Stabbing suspect posts bond, then is arrested again

Alejandro Olvera



OLVERA Alejandro

Alejandro Olvera

A combat veteran accused of stabbing four people after becoming upset about fireworks is facing new allegations that he forged a prescription to get drugs from the Veterans Affairs Medical Center in Grand Junction.

Alejandro Olvera, 25, who told a bondsman he is homeless, formally was charged Tuesday by the District Attorney’s Office with felony counts of attempted prescription drug fraud and violation of bail-bond conditions.

Olvera was arrested on a Sheriff’s Department warrant Aug. 31, which was 29 days after he posted a $100,000 bond and walked out of the Mesa County Jail. He had been jailed since July 12 for allegedly stabbing four people and hitting another with a hammer when he interrupted a gathering of people July 4 at 3142 Perkins Drive.

The Sheriff’s Department opened a second investigation of Olvera after a VA officer said Olvera altered a prescription for Percocet and tried to fill it, according to an arrest affidavit.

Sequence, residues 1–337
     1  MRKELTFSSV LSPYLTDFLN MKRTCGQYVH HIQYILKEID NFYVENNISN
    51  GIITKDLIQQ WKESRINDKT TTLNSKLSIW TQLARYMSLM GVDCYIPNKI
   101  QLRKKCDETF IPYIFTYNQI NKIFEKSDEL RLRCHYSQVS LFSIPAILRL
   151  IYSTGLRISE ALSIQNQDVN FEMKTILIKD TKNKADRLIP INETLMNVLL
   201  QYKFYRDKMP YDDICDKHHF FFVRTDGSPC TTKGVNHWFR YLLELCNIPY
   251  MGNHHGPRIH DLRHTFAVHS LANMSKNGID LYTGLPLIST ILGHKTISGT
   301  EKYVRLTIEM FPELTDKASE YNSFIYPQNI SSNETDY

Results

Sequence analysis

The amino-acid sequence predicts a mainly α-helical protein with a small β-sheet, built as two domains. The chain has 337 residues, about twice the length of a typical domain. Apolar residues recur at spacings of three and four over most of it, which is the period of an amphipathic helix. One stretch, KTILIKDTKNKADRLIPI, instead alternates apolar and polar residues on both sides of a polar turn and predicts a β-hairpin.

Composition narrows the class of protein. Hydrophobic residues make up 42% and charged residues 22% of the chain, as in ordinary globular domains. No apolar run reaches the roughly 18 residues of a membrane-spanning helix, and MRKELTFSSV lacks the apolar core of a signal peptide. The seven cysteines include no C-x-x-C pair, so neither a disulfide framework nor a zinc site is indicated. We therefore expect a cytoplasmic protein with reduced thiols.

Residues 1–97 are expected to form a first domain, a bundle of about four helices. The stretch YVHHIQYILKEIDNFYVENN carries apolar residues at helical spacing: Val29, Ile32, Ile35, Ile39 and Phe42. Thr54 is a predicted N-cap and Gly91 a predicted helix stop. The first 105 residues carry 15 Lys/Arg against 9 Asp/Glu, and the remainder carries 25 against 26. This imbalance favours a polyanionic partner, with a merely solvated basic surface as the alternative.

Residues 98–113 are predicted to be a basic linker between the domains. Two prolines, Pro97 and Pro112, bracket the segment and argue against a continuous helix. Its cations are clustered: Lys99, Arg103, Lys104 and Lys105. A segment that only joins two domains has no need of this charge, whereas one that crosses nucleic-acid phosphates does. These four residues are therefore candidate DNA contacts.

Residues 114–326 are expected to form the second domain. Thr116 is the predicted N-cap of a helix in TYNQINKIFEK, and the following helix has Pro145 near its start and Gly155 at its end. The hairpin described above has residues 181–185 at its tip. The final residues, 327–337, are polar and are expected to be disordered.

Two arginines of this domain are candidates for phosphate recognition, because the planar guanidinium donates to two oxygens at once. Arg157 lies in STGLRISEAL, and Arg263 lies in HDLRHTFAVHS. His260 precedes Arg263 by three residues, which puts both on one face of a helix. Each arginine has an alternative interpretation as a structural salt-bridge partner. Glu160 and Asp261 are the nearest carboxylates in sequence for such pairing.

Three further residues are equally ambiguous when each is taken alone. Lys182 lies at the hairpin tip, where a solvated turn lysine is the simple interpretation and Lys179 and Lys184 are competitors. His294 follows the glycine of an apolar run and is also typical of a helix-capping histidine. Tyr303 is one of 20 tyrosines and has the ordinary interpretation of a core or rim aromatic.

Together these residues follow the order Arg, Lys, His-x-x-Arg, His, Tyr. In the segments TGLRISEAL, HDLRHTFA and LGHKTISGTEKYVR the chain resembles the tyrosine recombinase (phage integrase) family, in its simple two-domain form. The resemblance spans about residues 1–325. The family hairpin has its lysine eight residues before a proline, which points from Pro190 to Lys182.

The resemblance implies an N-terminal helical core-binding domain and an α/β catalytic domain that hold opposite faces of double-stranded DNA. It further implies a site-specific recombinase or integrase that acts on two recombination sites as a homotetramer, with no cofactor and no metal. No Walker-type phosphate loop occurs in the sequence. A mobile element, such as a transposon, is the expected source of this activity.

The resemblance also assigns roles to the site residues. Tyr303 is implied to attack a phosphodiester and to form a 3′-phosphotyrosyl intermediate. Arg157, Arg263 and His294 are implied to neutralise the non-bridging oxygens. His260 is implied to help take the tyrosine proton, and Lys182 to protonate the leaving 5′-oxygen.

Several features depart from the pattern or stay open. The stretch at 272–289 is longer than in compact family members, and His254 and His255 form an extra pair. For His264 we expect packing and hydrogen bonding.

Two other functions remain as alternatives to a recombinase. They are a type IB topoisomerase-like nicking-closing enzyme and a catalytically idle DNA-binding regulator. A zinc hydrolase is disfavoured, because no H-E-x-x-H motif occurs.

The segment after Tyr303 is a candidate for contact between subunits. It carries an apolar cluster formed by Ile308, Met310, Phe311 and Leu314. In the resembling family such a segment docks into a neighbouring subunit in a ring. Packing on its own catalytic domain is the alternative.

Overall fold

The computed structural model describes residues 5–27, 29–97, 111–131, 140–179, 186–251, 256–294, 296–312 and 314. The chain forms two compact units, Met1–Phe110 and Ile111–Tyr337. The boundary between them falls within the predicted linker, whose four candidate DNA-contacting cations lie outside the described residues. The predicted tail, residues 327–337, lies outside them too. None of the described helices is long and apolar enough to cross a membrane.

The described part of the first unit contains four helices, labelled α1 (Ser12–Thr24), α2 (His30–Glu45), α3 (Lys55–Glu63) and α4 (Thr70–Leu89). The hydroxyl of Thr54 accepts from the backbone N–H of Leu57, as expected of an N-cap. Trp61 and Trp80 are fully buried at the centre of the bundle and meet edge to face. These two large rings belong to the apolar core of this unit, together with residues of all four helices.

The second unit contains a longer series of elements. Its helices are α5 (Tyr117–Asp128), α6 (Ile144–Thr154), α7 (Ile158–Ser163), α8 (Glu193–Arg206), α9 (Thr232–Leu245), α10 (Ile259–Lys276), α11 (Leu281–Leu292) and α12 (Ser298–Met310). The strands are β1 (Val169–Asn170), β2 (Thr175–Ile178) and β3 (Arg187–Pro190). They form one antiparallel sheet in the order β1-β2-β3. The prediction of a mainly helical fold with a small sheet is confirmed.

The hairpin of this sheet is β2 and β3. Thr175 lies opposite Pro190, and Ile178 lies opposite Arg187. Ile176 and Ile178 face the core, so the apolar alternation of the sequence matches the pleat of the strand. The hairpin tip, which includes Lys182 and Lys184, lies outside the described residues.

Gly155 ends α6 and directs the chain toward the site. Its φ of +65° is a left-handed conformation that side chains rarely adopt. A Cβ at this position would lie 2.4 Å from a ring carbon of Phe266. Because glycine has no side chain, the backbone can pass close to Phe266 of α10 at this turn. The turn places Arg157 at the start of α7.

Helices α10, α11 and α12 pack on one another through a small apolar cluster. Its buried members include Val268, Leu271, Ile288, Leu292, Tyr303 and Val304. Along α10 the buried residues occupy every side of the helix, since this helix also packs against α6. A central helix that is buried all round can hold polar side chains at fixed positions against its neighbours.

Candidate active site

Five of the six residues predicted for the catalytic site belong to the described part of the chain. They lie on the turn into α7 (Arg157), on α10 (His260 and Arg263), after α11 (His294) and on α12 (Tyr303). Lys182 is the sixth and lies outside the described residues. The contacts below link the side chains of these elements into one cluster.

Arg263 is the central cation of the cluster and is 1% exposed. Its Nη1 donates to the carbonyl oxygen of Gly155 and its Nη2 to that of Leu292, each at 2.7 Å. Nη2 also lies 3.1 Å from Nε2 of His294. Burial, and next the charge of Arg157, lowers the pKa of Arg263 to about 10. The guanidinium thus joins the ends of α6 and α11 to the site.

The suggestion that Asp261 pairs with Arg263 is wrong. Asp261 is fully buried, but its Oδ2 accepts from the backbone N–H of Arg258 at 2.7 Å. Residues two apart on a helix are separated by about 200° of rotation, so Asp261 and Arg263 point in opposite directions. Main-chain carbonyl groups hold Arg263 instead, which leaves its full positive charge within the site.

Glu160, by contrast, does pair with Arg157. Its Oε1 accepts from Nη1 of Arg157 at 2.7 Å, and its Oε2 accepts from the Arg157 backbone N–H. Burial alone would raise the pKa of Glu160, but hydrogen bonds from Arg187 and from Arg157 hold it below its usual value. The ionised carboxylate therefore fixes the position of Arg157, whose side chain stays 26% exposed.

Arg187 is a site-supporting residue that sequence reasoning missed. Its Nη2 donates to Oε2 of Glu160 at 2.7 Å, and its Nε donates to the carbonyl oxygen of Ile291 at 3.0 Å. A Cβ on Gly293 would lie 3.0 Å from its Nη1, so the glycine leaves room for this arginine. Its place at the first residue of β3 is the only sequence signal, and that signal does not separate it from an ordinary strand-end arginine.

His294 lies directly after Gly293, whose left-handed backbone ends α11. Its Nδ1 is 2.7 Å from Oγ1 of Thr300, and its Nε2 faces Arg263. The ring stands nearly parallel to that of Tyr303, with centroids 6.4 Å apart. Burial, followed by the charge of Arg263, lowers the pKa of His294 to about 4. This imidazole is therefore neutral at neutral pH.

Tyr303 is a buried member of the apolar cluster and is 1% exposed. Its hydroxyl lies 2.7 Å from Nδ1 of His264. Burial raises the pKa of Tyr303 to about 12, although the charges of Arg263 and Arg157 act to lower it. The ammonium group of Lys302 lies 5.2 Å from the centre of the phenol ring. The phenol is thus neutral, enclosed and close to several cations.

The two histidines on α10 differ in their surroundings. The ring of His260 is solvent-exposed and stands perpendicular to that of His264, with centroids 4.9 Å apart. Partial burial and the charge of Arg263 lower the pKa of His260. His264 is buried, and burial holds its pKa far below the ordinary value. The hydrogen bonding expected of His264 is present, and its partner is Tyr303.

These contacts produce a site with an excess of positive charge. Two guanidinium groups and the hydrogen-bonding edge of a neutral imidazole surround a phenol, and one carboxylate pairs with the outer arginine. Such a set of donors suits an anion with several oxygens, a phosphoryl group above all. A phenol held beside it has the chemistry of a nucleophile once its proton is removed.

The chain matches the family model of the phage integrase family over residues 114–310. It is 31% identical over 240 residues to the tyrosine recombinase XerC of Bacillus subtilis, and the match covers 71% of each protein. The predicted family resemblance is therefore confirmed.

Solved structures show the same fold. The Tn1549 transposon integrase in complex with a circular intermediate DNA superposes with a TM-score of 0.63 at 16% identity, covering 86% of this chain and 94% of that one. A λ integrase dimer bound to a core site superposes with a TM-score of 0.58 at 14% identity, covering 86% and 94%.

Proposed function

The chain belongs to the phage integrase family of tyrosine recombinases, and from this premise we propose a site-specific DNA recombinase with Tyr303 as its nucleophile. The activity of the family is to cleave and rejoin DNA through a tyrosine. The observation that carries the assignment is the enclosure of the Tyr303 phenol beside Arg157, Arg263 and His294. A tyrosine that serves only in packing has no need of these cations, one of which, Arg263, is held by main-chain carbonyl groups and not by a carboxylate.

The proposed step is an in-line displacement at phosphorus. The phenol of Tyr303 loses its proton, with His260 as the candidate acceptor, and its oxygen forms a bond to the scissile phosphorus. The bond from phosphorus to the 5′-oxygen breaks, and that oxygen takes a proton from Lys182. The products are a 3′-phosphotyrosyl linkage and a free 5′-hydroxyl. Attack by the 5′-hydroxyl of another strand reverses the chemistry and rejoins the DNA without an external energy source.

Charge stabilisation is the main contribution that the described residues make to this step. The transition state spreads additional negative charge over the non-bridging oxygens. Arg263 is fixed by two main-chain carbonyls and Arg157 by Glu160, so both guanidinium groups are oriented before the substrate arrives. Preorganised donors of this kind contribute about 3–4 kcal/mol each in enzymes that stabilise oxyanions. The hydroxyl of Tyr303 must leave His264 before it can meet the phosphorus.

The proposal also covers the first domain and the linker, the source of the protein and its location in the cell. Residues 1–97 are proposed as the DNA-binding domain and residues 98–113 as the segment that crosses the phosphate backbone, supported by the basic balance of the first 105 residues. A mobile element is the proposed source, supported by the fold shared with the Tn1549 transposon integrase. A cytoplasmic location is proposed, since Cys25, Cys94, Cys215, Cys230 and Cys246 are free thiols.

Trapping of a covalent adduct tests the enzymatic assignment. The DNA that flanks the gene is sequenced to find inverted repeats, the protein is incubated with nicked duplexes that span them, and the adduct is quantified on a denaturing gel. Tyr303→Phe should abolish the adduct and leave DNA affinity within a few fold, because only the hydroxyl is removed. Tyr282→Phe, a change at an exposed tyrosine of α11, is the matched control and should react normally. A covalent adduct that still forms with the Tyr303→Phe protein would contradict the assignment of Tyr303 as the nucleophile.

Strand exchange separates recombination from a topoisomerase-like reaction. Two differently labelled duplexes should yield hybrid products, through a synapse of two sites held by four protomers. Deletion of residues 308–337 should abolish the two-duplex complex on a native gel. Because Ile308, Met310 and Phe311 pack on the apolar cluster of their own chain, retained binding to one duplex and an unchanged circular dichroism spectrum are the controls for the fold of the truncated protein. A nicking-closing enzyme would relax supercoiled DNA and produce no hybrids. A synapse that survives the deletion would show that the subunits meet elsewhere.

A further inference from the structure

The prescription was written at a dose of 5 mg per pill. But when Olvera presented it Aug. 10 at a VA pharmacy, the dose was for 15 mg, the affidavit said. The pharmacist who viewed it noted the drug isn’t made at such a dose, and he refused to fill the prescription.

When confronted, Olvera allegedly said, “I’m not a drug addict.”

Olvera’s alleged statements to VA staff last month were the subject of more concern. He allegedly told a counselor with a homeless outreach program he would “fight to the death” before going back to jail or going to prison, the affidavit said.

“I fought for my freedom, this country’s freedom and all of your freedom. I won’t let them take mine away,” Olvera allegedly told the counselor.

Diagnosed with post-traumatic stress disorder relating to recent combat deployments, Olvera took medications to “keep calm,” his girlfriend told investigators. Olvera said his anger sometimes causes him to have blackouts, and he claimed to have no memory of the alleged assaults July 4. Olvera allegedly brandished a knife and hammer when revelers near his home continued to shoot fireworks after being asked to stop.

Court records do not specify his combat deployment periods or his branch of military service. In court Tuesday, a tattoo on Olvera’s right upper arm showed the emblem of the U.S. Marine Corps.

During Olvera’s preliminary hearing, Chief Deputy District Attorney Trish Mahre said Olvera had served in Iraq and Afghanistan.

He’s being held on bonds totaling $127,500.



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